The Next Moon Landing is Actually a 10 Nanometer Microchip
March 8, 2023
On July 20, 1969, the United States of America made one of the most historical contributions to innovation by landing on the moon. Following World War II and the Cold War, physical battles were replaced by a greater goal: competition outside the Earth’s atmosphere. As the race for space dominance spurred international competition, America banded together and proved their technical superiority.
Today, the “final frontier” is no longer a moon measuring 1,079.6 miles but 10 nanometer microchips powering 1.15 trillion semiconductor units annually.
U.S. semiconductor manufacturing has eroded from 37% in 1990 to 12% today. Without swift intervention, China would surpass the U.S. in Microelectronics, 5G, AI, and Quantum Computing by 2030 making technical advancement in these areas more important than ever before.
Without a fundamental change in how the government acquires and invests in emerging technology, no amount of money or support will be enough. After years of stagnation, the Microelectronics Commons is the path forward to strengthen U.S. science and technology innovation.
Changing Our Approach to Rapid Technical Advancement and Prototyping
Other Transaction Authorities (OTAs) were created during the Space Race in 1958 to close the technical gap between the U.S. and Russia, so it is fitting that we fall back on their potential today as we once again compete for technical dominance. As an agile acquisition mechanism, OTAs will allow commercial industry leaders to research and prototype emerging technology through the Microelectronics Commons program.
“Working together is how we got a man on the moon in 1969 and working together is how we are going to achieve these American dreams on research and development,” said White House Coordinator for CHIPS Implementation, Dr. Ronnie Chatterji.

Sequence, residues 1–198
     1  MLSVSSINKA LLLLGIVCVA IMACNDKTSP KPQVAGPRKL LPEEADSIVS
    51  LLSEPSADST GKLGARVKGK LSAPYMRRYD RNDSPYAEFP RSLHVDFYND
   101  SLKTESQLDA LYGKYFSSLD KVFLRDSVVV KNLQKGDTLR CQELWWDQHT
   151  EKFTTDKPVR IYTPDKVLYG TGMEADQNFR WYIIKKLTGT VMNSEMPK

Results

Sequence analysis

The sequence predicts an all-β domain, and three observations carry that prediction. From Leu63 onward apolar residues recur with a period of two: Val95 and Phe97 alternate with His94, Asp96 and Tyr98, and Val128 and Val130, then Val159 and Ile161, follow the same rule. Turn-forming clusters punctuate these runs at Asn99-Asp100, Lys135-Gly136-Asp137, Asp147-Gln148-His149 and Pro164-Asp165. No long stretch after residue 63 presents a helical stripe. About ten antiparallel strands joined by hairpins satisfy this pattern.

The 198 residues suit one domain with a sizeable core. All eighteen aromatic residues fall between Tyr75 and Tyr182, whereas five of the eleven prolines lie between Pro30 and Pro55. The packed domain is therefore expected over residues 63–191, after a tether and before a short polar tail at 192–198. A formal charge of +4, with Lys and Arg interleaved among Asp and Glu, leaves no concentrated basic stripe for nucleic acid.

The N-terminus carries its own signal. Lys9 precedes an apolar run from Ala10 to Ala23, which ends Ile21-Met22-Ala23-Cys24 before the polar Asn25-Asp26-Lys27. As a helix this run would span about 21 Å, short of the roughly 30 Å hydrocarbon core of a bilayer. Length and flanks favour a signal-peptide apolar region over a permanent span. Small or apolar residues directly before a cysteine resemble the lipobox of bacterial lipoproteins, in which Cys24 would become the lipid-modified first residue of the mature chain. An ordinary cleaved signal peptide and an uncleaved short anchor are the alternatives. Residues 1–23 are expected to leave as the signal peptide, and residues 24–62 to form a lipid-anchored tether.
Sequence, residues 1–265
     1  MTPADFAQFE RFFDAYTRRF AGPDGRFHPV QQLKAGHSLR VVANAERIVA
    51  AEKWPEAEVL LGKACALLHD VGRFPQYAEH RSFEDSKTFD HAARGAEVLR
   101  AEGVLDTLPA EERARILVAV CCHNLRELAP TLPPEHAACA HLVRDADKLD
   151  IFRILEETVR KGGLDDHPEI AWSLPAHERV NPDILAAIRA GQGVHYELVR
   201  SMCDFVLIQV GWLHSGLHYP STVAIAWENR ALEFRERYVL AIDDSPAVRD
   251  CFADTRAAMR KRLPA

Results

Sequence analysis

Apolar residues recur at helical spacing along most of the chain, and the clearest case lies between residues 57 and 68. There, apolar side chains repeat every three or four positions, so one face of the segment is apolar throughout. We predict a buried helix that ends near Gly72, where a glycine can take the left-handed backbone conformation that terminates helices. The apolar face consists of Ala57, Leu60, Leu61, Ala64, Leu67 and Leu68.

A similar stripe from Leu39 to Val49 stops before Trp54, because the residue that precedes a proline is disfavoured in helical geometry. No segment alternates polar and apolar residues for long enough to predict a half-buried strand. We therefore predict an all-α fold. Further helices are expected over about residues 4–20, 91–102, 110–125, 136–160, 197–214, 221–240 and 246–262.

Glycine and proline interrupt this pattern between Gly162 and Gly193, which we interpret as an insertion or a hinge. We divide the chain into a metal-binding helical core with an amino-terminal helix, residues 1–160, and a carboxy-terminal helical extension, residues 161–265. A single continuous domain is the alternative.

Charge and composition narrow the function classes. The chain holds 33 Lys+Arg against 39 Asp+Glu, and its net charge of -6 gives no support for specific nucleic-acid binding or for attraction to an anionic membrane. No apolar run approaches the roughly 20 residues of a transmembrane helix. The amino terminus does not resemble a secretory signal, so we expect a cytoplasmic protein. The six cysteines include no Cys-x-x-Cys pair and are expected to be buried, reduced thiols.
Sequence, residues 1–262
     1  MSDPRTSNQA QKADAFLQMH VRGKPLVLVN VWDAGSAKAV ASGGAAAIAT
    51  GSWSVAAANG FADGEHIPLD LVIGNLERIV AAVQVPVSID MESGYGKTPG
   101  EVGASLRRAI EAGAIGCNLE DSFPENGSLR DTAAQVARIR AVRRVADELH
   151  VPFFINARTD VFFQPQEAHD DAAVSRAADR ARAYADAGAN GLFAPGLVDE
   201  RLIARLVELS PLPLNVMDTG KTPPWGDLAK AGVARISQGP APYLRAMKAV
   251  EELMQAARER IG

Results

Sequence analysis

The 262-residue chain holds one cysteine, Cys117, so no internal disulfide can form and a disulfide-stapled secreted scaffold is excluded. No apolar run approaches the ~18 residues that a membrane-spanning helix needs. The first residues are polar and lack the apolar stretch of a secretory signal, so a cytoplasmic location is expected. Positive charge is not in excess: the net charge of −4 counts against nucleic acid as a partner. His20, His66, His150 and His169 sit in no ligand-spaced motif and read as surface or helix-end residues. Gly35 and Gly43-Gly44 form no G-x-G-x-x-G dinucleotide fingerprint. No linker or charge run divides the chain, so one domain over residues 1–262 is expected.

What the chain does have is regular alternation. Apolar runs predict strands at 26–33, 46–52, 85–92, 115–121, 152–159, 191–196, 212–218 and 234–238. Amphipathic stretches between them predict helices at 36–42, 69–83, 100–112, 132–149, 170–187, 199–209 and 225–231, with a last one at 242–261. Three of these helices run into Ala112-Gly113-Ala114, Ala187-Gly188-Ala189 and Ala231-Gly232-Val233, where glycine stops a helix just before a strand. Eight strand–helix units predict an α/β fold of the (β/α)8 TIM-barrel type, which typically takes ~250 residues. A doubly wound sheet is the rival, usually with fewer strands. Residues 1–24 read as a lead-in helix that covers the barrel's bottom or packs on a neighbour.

Funding for the Microelectronics Commons prototype and subsequent technology hubs is appropriated through the CHIPS for America Defense Fund, part of the CHIPS Act that was passed by Congress and signed by President Joe Biden on August 9, 2022.
On February 28th, 2023, the Microelectronics Commons closed their submission process and is currently evaluating proposals. Following project award, the Microelectronics Commons will establish regional hubs each supported by a robust network of commercial innovators giving creators who have the deepest understanding of their technical focus areas the ability to inform the DoD of upcoming challenges and subsequently receive support to solve for them.
“Having regional hubs prioritizing one or more technical areas would facilitate the connections required to nurture and grow regional lab-to-fab capabilities,” stated Doug Crowe, NSTXL’s Strategic & Spectrum Missions Advanced Resilient Trusted Systems (S²MARTS) Director.
As a species, we are driven by a need for exploration and creation, always looking for ways to leave our mark on the world. We are living through the next space race. But today, we aren’t looking to just leave our mark on the world, we working to lead the world in microchip innovation. The Microelectronics Commons program is enabling rapid transition from lab-to-fab and solidifying America’s place as leaders in technical advancement. We won before and we will win again.